Background & Aims: Obesity is associated with non-alcoholic fatty liver (NAFL), which may progress towards non-alcoholic steatohepatitis (NASH), cirrhosis and hepatocellular carcinoma (HCC). Occult hepatitis B virus infection (OBI) may contribute to hepatic damage in patients with chronic liver disease of different aetiologies (eg HCV, alcohol). However, information on the prevalence and clinical impact of OBI in obese individuals is lacking. The aims of this study were to investigate NASH prevalence and risk factors in obese people who underwent bariatric surgery. Methods: Two-hundred and twenty-six subjects (160 females; mean age 42.9 years ±10.8 SD) without evidence of any further cause of liver disease consecutively underwent bariatric surgery in two Italian liver centers. During surgery, all patients underwent liver biopsy for histological evaluation and molecular studies. Liver DNA extracts were tested for PNPLA3, TM6SF2, MBOAT7, IRGM polymorphisms and for OBI. Univariate and multivariate analyses were used to identify predictors of NASH. Results: Histology showed NASH in 115 (50.9%) and NAFL in 111 cases (49.1%). Twenty-nine/226 (12.8%) cases had OBI, 24 (82.8%) of whom had NASH and 5 (17.2%) NAFL, whereas among the 197 OBI-negative cases, 91 (46.2%) had NASH and 106 (53.8%) NAFL (P =.0002). Multivariate analysis showed that older age (P =.03, OR 1.034), alanine aminotransferase values (P =.005, OR 1.023), insulin resistance/diabetes (P =.02, OR 2.257), TM6SF2 polymorphism (P =.04, OR 3.168) and OBI (P =.004, OR 5.503) were independent predictors of NASH. Conclusion: NASH is highly prevalent in obese individuals undergoing bariatric surgery. OBI is one of the strongest risk factors of NASH in these patients.

Occult hepatitis B virus infection predicts non-alcoholic steatohepatitis in severely obese individuals from Italy

Raimondo G.
Primo
;
Saitta C.;Lombardo D.;Ieni A.;Lazzara S.;Palmisano S.;Alibrandi A.;Navarra G.;Pollicino T.
Ultimo
2020

Abstract

Background & Aims: Obesity is associated with non-alcoholic fatty liver (NAFL), which may progress towards non-alcoholic steatohepatitis (NASH), cirrhosis and hepatocellular carcinoma (HCC). Occult hepatitis B virus infection (OBI) may contribute to hepatic damage in patients with chronic liver disease of different aetiologies (eg HCV, alcohol). However, information on the prevalence and clinical impact of OBI in obese individuals is lacking. The aims of this study were to investigate NASH prevalence and risk factors in obese people who underwent bariatric surgery. Methods: Two-hundred and twenty-six subjects (160 females; mean age 42.9 years ±10.8 SD) without evidence of any further cause of liver disease consecutively underwent bariatric surgery in two Italian liver centers. During surgery, all patients underwent liver biopsy for histological evaluation and molecular studies. Liver DNA extracts were tested for PNPLA3, TM6SF2, MBOAT7, IRGM polymorphisms and for OBI. Univariate and multivariate analyses were used to identify predictors of NASH. Results: Histology showed NASH in 115 (50.9%) and NAFL in 111 cases (49.1%). Twenty-nine/226 (12.8%) cases had OBI, 24 (82.8%) of whom had NASH and 5 (17.2%) NAFL, whereas among the 197 OBI-negative cases, 91 (46.2%) had NASH and 106 (53.8%) NAFL (P =.0002). Multivariate analysis showed that older age (P =.03, OR 1.034), alanine aminotransferase values (P =.005, OR 1.023), insulin resistance/diabetes (P =.02, OR 2.257), TM6SF2 polymorphism (P =.04, OR 3.168) and OBI (P =.004, OR 5.503) were independent predictors of NASH. Conclusion: NASH is highly prevalent in obese individuals undergoing bariatric surgery. OBI is one of the strongest risk factors of NASH in these patients.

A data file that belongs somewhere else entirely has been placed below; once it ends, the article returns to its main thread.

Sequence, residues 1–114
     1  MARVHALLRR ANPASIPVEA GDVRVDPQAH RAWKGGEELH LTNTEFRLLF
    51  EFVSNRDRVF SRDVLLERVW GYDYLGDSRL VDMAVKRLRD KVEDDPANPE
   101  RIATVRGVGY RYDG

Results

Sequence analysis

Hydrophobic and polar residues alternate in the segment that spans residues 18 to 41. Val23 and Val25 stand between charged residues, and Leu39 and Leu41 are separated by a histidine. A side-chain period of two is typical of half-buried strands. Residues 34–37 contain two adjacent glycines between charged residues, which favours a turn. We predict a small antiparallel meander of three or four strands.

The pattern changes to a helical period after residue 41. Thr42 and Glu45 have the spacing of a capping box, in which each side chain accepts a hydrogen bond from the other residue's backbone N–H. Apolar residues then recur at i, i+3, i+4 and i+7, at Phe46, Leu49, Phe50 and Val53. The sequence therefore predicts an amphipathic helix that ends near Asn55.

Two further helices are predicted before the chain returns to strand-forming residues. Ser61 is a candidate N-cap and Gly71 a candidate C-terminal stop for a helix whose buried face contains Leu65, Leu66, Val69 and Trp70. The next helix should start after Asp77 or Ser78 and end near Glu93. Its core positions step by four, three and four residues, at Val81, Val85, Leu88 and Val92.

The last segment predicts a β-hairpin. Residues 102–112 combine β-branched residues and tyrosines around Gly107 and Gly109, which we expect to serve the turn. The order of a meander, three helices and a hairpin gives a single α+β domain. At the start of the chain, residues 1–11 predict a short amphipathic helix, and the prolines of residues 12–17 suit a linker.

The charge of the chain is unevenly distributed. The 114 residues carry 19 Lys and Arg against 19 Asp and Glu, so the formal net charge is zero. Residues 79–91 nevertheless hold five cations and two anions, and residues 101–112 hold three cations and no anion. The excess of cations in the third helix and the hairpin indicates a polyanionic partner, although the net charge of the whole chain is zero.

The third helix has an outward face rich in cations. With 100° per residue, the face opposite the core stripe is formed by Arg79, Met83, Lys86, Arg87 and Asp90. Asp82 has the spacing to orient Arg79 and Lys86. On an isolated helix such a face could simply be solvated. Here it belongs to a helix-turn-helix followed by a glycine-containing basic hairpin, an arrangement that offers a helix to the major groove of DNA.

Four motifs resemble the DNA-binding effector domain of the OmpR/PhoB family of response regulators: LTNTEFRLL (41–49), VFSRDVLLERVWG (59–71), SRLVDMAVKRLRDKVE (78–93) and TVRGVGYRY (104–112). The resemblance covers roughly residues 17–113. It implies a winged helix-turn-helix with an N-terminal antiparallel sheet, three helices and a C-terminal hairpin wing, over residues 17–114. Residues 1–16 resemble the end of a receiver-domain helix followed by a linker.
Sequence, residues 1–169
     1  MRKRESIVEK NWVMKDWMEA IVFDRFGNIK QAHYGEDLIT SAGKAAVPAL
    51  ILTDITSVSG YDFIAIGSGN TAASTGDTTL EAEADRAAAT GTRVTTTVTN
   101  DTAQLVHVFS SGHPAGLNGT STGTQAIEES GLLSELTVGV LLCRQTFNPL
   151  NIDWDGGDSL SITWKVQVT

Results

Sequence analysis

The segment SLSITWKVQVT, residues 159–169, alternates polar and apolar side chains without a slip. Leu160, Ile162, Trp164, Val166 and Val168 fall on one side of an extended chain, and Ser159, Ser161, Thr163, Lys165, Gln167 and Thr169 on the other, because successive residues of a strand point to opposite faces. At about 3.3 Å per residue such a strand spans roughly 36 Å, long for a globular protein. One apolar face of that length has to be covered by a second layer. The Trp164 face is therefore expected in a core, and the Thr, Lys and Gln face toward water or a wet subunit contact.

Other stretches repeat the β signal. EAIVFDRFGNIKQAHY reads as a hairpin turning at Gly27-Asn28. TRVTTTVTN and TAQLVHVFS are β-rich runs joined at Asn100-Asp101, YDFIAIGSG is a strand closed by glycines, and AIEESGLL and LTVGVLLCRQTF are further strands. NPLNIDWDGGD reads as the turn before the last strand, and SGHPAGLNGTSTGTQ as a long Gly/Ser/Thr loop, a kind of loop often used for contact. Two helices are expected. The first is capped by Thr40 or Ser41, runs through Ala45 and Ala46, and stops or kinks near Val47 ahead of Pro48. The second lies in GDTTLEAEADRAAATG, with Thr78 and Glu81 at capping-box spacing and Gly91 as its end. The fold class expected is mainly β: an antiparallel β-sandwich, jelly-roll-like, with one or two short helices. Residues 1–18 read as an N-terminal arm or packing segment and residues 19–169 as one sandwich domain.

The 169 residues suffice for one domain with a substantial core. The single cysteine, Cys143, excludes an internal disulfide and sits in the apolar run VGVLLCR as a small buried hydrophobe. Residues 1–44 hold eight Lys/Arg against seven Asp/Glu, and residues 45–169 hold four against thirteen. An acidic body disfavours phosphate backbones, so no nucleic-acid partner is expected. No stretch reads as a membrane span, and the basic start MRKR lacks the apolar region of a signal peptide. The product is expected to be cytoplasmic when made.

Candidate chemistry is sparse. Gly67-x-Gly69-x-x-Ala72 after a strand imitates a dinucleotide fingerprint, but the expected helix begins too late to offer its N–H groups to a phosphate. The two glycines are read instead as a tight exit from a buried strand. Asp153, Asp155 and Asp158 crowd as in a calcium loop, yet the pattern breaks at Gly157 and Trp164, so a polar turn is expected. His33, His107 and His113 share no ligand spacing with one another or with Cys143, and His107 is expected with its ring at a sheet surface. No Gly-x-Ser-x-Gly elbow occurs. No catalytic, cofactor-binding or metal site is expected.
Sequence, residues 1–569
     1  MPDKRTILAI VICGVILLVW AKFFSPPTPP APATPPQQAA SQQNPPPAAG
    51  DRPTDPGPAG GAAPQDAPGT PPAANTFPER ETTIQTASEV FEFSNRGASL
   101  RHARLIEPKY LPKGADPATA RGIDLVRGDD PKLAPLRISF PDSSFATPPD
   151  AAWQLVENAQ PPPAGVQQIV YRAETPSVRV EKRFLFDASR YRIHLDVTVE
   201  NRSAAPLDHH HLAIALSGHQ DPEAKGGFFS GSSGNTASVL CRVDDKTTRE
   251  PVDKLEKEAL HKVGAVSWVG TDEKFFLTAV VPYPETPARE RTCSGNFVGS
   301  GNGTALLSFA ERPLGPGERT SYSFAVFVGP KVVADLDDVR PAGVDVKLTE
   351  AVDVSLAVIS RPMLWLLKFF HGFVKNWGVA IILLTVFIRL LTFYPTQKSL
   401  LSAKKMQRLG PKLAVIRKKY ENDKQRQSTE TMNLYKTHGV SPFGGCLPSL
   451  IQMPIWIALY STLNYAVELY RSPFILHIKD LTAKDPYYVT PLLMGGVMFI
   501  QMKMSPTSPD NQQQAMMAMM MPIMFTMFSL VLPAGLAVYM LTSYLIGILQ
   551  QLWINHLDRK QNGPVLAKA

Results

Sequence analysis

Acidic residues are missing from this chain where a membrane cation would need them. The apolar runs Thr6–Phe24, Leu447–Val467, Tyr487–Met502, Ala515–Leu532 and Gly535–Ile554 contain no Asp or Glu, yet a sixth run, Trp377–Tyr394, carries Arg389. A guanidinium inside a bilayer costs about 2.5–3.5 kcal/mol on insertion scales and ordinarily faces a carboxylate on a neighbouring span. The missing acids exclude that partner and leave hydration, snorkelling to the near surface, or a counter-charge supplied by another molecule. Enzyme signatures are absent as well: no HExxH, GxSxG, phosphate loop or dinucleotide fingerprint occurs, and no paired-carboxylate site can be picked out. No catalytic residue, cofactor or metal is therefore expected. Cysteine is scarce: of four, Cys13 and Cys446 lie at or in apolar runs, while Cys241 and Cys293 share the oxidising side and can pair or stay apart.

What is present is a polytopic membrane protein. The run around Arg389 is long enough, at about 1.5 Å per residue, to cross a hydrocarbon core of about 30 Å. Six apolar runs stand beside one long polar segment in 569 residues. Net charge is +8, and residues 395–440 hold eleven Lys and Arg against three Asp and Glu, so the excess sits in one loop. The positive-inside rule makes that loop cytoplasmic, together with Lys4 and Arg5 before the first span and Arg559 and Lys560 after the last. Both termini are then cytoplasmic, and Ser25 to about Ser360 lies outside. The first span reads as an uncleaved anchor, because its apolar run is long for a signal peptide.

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Utilizza questo identificativo per citare o creare un link a questo documento: https://hdl.handle.net/11570/3165117
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